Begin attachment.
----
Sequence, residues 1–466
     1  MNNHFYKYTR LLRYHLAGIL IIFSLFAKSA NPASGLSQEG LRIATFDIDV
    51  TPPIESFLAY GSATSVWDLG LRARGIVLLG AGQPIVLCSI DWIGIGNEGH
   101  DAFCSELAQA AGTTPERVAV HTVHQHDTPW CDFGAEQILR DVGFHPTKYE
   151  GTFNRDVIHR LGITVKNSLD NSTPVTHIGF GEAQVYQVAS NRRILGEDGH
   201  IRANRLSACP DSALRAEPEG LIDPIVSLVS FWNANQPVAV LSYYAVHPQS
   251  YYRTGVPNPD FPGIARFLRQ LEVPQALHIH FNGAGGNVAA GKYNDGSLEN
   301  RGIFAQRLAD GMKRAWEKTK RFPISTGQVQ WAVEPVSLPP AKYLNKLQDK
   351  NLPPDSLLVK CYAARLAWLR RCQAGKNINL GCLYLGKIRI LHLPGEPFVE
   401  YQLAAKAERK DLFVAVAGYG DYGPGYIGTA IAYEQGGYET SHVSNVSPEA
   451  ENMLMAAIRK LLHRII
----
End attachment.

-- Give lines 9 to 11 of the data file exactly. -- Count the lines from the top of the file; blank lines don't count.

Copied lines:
   351  NLPPDSLLVK CYAARLAWLR RCQAGKNINL GCLYLGKIRI LHLPGEPFVE
   401  YQLAAKAERK DLFVAVAGYG DYGPGYIGTA IAYEQGGYET SHVSNVSPEA
   451  ENMLMAAIRK LLHRII